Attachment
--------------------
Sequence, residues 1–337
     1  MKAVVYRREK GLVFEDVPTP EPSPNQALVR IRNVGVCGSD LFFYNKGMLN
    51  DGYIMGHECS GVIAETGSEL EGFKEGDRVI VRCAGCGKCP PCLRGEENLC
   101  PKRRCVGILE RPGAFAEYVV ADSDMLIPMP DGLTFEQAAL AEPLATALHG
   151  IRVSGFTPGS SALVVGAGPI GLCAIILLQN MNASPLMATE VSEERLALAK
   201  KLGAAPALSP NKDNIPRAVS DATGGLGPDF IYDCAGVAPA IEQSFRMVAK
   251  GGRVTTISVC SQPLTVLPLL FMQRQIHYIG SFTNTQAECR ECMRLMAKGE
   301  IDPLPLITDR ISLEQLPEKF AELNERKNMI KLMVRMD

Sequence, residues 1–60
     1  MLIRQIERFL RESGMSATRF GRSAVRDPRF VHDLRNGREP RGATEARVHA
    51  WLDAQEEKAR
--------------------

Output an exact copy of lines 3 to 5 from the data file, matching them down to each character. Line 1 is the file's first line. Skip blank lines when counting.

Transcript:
    51  DGYIMGHECS GVIAETGSEL EGFKEGDRVI VRCAGCGKCP PCLRGEENLC
   101  PKRRCVGILE RPGAFAEYVV ADSDMLIPMP DGLTFEQAAL AEPLATALHG
   151  IRVSGFTPGS SALVVGAGPI GLCAIILLQN MNASPLMATE VSEERLALAK